North Face Endurance Challenge Bear Mountain 50K – My Race

(this post stars here, with an overall review and description of the race and course) 

BIG disclaimer: I made one huge mistake.

I wore the wrong shoes.

I usually wear my (non-trail) Asics 21XX in the trails, though I had tried the Vasque’s Mindbender in the last trail long run and they worked great, but they only had 25 miles in them and they are SO minimalistic, my ankles were sore for a week after than run. So I decided to wear my Asics DS Trainers, with which I NEVER had a problem.

I wore them in the NYC Marathon, in the Knickerbocker 60K, and in the National Marathon: all fine. BUT, I wore them to the Van Cortland trails a few weeks ago, and they quickly gave me a heel blister, which I blamed on the socks… So I brought the DSs, with the orthotics on. 

Wrong move: my feet were sliding and getting slammed in the toebox from the start, something that I had never noticed before, I knew it’d be TROUBLE… This course required something else! So, around Mile 1, I started feeling a blister in the back of the foot. Annoying!!! At the first Aid Station, around Mile 4, my friend Jackie gave me a big band aid for it, which helped, but the damage had been done: it was big, gross, and painful. (did you know that blisters are the #1 reason why prople DNF??? duperFACT!!!).

Soon after, the other foot!!!!! #%^&. By Mile 5, they were really pissing me off, and I was running funny.

I then twisted my right foot. Not the ankle, but the midfoot just slipped and twisted around. It hurt like a #$^^%^$, but I heard/felt no crack so I felt a bit better about it. Something like 5 minutes later, it happened again (!!!!), same foot, same place… Well, it felt ok, and didn’t really hurt so I assumed it was fine and kept at it, the blisters were the main concern still.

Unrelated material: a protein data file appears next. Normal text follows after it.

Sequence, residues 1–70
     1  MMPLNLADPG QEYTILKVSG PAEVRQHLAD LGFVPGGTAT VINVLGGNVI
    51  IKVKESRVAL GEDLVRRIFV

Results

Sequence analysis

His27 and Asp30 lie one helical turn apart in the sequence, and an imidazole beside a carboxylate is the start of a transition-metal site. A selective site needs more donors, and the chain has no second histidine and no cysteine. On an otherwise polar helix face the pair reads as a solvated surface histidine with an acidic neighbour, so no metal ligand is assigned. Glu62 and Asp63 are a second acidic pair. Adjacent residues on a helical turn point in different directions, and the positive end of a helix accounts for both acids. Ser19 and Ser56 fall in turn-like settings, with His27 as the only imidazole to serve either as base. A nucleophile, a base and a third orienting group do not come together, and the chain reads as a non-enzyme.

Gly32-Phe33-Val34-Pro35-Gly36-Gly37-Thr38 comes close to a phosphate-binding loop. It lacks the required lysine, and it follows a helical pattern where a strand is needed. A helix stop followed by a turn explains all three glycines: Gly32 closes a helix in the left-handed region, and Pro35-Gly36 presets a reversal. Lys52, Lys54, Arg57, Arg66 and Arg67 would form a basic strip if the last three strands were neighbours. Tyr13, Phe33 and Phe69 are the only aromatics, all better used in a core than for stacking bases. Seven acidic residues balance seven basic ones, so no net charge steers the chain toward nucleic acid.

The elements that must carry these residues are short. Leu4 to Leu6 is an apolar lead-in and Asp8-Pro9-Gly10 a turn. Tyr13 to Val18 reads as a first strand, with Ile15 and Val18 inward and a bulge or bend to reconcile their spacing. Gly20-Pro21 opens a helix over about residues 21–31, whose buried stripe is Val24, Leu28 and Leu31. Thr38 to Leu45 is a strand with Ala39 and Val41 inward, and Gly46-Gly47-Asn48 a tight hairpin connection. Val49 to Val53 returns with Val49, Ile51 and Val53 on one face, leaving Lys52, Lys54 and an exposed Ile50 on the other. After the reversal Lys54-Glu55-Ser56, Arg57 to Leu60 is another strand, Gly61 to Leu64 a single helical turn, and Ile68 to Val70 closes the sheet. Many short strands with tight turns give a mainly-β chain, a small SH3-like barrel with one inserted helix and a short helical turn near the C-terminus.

Not shocking that I got heel blisters, look at what I did to my shoes in the process!!!!

Once I got to the next Aid Station, on Mile 8 (and keep in mind we were doing 15 minute miles average!!!), a super helpful volunteer took the band-aids off and put moleskin on both feet. That really really helped. I forgot all about the blisters but soon my right foot started feeling swollen and sore. Then it started hurting. Really hurting. So I discovered that if I run on my forefoot and not used the midfoot at all, it hurt less… so I went that way. Then my whole right leg was shooting pain, two seconds later I knew I had had that happen before. It was my old ITBS pain, horrible knee pain, mostly on the downhills!!!!! Shooting pain, and like the knee wanted to give in.

So, running downhill was impossible. I had to walk ALL of the downhills after mile 10. And because there were so many rocky uphills, my hip flexors had started flaring up. It was total mess. I could still run a little (slowly and carefully because of shoes with blisters) on the level areas, with my right leg basically flailing sideways instead of up and down, as I couldn’t lift through the knee. My left leg was doing all the work, and the left quad would occasionally seize up in disagreement.

By the time we got the Aid Station on Mile 20, I was ready to give up. I was desperate. I had wanted to quit since mile 10, because I couldn’t imagine doing 21 more miles with that pain, and the risk of messing myself up more, but Blaise wouldn’t have it. And since the last Aid Station, around mile 13, I wanted out. And we were basically going from one AS to the next, without trying to think about the whole thing. I thought, if they have Tylenol or something, I’ll try to keep going. Once I got there, the first aid people said they didn’t have any and that they were not allowed to hand anything like that out. I know the risks, I understand their position, but I was still a bit upset because I usually do carry one EXTRA strength Tylenol wiht me in long races… A girl who had been racing (rock climbing?) around us overheard and offered me three aleves. Down.

I tried to start running and it was not working. You know how it is, when you have ITBS, that once you stop you can’t start back up, and the knee won’t hold you? That. Plus my right foot was so swollen I couldn’t move it, or wiggle a toe, or move the ankle. Blaise started back up and I tried. I’d start hobbling to catch up and cry. I’d stop and want to quit. I’d start again, and would cry and moan and scream and curse a bit more. I’d stop. I went like that for 20 minutes. Soon we were in some runnable part of the trails, and I really can’t explain what happened there.